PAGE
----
Black lipstick stained the rim of the bottle of Captain Morgan. I had spent a good ten minutes trying to get the perfect cupid's bow with the cheap lipstick bullet. Earlier that day I had done my makeup for work with appropriate pink hues and subtle eyeliner. Now, twelve hours later, I had a dramatic cat eye and a face completed with pale powder and dramatic rose blush. I drew a heart on my left cheek in eyeliner and filled it with lipstick.
On the other side of the dorm room, my roommate was dressed in a corset and leather skirt watching videos online to prepare for the night. I had forced her into watching any material pertinent for the night to prepare as much as possible. Months before, I bought her a ticket and tried to prepare her for what she would have to deal with for the night. I had her watching interviews and music videos. We were getting ready for to go see the midnight premiere of the second installment of "The Devil's Carnival."
I doubt anything could have prepared her for a few hours later when she would be sitting in a movie theatre full of people chanting "Hail Satan."
"The Devil's Carnival" is a movie in the same realm as "The Rocky Horror Picture Show." It's a goth rock musical with a cult following. At midnight in theatres across the United States, doors would open to lines stretching around the block. People arrive in costumes and gothic attire. My roommate and I took our places in line outside the Ritz East in Philadelphia around ten at night. Even though the earliest doors opened at eleven thirty, the line was pretty lengthy when we showed up. A group at the very front had been there since six. Clad in all black and leather attire, I fit in perfectly. In line, people were dressed as lovely angels or fully made up devils. People broke out of the line to show off their talents. Behind my roommate and I was a group of teens showing off juggling skills. The girls in front of us talked to us about the merits of the different kinds of corsets.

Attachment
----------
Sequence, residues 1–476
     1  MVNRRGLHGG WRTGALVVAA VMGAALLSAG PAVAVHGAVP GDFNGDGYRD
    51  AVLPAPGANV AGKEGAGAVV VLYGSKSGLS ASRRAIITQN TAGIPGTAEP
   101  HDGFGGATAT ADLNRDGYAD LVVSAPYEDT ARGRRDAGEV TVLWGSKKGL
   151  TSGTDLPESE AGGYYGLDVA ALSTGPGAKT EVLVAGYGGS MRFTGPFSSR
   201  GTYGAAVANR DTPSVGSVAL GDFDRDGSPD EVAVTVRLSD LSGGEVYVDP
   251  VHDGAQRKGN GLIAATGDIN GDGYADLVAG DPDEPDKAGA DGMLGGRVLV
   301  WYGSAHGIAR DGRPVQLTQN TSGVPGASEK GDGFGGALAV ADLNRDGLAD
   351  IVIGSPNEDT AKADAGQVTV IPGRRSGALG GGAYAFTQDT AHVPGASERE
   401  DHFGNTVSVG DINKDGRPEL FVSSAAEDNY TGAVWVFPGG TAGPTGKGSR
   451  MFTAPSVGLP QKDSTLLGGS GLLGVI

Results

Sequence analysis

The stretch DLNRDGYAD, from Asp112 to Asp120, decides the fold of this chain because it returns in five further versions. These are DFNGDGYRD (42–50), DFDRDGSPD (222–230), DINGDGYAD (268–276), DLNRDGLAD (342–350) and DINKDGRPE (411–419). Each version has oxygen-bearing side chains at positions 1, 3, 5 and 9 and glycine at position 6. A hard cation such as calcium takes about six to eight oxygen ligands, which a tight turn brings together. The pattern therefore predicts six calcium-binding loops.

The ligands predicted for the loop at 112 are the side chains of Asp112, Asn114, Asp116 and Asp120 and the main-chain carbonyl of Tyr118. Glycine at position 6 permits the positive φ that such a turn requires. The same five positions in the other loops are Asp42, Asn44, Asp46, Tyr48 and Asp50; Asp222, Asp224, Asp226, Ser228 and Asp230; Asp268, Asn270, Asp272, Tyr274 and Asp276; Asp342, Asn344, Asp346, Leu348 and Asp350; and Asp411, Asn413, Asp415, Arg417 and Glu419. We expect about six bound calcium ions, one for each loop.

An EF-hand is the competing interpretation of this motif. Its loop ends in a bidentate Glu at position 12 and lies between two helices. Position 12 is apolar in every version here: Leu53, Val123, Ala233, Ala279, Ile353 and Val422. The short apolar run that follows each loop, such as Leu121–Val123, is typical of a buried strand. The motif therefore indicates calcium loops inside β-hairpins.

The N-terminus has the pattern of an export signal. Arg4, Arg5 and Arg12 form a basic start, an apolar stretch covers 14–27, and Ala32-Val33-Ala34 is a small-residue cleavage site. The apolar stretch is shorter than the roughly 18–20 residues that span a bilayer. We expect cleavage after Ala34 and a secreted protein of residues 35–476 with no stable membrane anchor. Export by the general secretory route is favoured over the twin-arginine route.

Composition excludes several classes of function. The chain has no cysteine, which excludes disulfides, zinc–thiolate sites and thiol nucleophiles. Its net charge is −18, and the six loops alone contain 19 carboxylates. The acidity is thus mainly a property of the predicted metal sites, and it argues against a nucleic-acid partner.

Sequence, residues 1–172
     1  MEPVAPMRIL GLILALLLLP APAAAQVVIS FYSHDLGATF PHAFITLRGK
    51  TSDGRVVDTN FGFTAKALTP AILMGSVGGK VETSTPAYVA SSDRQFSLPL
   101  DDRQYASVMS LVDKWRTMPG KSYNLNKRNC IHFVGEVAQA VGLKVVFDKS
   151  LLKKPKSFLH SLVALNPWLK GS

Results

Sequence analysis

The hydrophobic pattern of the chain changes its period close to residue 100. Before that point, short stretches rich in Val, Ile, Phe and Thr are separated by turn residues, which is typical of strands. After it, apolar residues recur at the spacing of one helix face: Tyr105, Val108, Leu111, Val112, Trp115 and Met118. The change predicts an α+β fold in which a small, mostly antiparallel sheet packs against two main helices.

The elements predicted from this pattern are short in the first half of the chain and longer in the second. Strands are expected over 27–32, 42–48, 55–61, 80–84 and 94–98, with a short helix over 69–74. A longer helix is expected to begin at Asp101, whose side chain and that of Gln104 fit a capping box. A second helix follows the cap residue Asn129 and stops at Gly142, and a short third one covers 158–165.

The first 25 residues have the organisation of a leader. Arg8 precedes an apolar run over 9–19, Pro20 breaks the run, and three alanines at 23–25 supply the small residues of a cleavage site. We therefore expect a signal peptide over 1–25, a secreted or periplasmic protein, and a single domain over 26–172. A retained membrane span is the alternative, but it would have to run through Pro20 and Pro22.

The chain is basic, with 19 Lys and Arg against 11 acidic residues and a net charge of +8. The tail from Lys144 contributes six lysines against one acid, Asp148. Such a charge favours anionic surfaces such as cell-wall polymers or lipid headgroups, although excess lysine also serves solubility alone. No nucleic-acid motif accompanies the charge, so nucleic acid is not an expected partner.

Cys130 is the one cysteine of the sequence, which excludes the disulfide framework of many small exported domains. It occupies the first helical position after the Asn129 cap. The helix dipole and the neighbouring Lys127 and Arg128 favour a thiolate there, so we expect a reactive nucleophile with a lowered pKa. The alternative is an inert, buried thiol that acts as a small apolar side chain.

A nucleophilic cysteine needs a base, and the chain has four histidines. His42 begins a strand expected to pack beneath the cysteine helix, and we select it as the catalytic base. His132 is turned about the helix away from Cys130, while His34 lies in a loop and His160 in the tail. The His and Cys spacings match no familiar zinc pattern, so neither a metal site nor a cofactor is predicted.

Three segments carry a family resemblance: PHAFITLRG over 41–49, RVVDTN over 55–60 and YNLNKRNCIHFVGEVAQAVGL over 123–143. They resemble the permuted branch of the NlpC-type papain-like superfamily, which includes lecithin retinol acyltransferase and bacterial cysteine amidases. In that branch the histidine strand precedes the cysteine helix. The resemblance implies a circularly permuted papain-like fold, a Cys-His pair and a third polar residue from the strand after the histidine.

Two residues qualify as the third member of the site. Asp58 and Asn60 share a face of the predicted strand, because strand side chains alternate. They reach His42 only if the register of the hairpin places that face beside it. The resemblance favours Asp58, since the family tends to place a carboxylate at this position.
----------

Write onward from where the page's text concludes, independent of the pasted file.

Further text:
The people I stood in line with wanted the experience more than the movie. The movie premiered like a concert tour. The director, Darren Lynn Bousman, and writer, Terrance Zdunich, would travel to different cities and host the midnight premieres. Occasionally, actors from the movie would make an appearance as well. Before each show they would host a meet and greet for those who paid for it. I opted for the cheapest tickets possible. This gave me a ticket to the movie and admission to a Q and A with Bousman and Zdunich afterwards. I was most excited to see the two discuss the movie and all their other projects.